The French president's sinking popularity continues to be battered, with a new nationwide protest expected to send more than 1 million angry marchers into the streets this weekend. The protests target Sarkozy's pension-reform plan and are now drawing high-school students, who won't retire until at least 2058.
Michelle Obama may not think that her days at the White House are "hell." But, for allegedly suggesting Obama had told her as much, Carla Bruni-Sarkozy was on the hot seat after the September release of two new unauthorized biographies of the French first lady. The books, which catalog Bruni-Sarkozy's indiscretions, grabbed headlines around the world and indicate how enduring—though ambivalent—our fascination is with France's mercurial pop star turned première dame.
The widely despised French national soccer team will slink home after disgracing itself at the World Cup. But there are so many French-born players on Algeria's national team—eligible thanks to FIFA's new dual-citizenship rules—that they are being called "the other French team."
As the debt-ridden Greek government remains mired in a fight to cut pension benefits and raise the retirement age, Europe's next pension-reform battle is already looming to the west. French president Nicolas Sarkozy is bringing pension reform to the fore of his agenda—but the issue could end up being his Waterloo. It's his most important battle, at the worst time, but it can't wait.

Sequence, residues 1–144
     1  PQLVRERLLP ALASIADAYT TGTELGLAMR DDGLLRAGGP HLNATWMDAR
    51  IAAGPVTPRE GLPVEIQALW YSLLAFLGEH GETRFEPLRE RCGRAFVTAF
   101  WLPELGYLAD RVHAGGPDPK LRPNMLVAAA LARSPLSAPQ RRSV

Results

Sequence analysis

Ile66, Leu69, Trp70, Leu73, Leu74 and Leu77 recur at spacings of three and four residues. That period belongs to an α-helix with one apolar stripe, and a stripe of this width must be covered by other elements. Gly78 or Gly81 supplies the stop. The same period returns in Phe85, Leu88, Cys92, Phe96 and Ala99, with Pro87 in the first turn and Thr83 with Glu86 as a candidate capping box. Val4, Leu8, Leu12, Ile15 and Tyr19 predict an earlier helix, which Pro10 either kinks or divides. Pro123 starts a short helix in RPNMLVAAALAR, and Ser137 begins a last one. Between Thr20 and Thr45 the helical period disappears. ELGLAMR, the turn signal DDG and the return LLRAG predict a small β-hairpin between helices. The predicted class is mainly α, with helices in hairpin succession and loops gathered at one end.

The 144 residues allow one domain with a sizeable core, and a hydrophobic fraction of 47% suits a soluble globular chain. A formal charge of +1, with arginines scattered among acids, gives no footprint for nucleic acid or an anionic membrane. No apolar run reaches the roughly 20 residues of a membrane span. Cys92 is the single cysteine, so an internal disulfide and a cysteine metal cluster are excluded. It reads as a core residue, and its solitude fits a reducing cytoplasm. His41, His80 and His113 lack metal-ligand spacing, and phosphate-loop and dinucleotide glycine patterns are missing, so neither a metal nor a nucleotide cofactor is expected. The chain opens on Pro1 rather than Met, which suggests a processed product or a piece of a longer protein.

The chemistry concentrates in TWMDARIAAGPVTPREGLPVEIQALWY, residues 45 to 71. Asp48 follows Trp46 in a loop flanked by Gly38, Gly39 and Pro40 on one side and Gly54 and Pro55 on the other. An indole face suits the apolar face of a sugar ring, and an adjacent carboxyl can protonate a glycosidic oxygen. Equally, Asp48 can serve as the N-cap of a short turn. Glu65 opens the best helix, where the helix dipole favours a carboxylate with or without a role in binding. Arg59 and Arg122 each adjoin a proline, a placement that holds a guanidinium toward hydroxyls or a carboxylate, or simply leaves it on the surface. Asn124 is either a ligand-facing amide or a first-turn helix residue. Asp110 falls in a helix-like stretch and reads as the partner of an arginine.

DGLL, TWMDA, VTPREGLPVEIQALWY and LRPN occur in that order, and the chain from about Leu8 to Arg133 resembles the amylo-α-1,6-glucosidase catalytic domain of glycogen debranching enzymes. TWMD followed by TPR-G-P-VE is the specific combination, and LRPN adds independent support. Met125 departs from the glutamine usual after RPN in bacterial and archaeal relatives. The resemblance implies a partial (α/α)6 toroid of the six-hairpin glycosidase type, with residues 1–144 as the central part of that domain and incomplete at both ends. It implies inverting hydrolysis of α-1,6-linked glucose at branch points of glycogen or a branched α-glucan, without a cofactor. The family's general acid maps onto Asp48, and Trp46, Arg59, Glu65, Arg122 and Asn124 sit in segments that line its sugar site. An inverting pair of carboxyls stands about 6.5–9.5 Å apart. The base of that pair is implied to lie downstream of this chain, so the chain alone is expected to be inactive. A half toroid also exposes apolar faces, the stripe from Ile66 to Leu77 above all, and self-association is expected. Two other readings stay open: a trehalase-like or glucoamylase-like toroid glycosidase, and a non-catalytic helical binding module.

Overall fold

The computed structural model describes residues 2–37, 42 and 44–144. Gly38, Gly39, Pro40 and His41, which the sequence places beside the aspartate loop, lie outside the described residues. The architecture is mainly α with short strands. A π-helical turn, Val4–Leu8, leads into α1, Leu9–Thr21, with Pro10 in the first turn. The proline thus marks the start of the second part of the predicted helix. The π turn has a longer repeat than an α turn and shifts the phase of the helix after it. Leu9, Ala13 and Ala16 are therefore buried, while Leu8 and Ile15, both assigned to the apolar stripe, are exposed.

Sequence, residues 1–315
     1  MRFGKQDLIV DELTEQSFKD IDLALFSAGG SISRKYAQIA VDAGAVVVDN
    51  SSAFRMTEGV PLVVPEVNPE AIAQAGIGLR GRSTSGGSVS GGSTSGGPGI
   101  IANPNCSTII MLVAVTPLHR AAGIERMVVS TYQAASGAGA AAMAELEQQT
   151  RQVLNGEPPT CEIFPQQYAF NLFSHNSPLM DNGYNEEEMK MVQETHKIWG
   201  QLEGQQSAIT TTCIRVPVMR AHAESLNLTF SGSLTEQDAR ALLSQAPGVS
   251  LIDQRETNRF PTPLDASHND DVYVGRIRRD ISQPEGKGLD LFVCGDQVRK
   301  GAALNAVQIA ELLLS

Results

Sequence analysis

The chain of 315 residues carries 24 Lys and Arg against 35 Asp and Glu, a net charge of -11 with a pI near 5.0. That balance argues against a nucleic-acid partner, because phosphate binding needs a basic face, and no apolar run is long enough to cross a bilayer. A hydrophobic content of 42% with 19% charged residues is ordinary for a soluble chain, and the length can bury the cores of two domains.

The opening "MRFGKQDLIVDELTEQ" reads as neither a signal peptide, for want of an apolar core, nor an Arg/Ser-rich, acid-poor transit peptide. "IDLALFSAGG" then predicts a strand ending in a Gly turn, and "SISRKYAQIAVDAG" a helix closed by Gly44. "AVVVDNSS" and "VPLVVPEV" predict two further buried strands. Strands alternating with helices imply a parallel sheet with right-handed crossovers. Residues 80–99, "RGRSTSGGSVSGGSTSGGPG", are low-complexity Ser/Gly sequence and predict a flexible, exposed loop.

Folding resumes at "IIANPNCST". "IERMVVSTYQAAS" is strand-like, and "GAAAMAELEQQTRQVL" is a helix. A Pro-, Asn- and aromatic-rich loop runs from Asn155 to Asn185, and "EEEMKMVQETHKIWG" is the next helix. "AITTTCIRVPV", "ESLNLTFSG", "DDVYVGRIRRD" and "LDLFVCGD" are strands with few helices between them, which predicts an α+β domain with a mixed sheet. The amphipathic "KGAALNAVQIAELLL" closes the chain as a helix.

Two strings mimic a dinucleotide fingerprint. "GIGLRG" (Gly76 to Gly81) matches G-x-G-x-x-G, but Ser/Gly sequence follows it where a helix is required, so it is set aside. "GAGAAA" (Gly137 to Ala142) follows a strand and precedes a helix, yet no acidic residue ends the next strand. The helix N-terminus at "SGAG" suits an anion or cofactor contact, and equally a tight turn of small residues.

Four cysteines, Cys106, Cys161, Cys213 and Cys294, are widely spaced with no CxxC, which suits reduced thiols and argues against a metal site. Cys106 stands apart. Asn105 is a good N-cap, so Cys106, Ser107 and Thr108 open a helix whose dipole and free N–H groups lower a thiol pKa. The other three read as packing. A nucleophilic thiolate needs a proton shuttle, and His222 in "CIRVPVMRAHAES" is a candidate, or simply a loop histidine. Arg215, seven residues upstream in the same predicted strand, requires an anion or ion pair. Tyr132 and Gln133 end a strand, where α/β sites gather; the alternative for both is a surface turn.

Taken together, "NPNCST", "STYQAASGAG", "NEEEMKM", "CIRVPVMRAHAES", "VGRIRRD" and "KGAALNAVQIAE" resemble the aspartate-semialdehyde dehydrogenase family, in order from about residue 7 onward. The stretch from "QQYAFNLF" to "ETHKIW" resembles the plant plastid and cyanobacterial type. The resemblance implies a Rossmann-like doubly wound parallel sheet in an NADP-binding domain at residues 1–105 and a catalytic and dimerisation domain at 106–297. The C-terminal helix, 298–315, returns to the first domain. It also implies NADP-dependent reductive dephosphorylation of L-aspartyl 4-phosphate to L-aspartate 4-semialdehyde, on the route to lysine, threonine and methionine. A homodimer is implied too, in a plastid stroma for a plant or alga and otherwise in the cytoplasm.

NATO secretary-general Anders Fogh Rasmussen has been on the job for only six months, but the former Danish prime minister will soon draft a road map for the alliance's next 10 years.
President Nicolas Sarkozy thought he'd scored a coup by luring an opponent into his cabinet. Instead, he may have wrecked his entire political strategy.
Judging by headlines on the U.S.'s and Europe's retirement crisis, you'd think the specter of aging populations plagued only rich countries. But a top French demographer says that developing nations will actually be the hardest hit by the gray wave. Experts have long warned about the confluence of two trends in the industrialized world: an aging boomer population, which will strain social-security systems; and falling birthrates, which will cause a dearth of able-bodied workers to support...
The French gas and oil major Total first struck oil near Kirkuk, in Iraq, in 1927, and in July, Total CEO Christophe de Margerie visited the country with French Prime Minister François Fillon and other French business leaders looking to renew commercial ties there.
Paging all turncoats: Nicolas Sarkozy is reshuffling his cabinet again. Over the past two years, the conservative French president has offered high-profile jobs to leading Socialists and other prominent lefties, and five of them now hold seats in his cabinet, including Foreign Minister Bernard Kouchner and Minister of Immigration Eric Besson.
Oil giant total is France's biggest company, which means it's also its most hated. It ranked last in a recent poll of France's most popular companies. Its announcement in February that it made a record €13.9 billion ($19.8 billion) profit in 2008 sparked cries of obscenity and a national debate on what good deeds it should perform with its windfall.
For all the destructive power of the economic crisis, there's one bridge it's rebuilding: Franco-German relations. French President Nicolas Sarkozy and German Chancellor Angela Merkel are making good on their promise to present a united front against the financial fallout.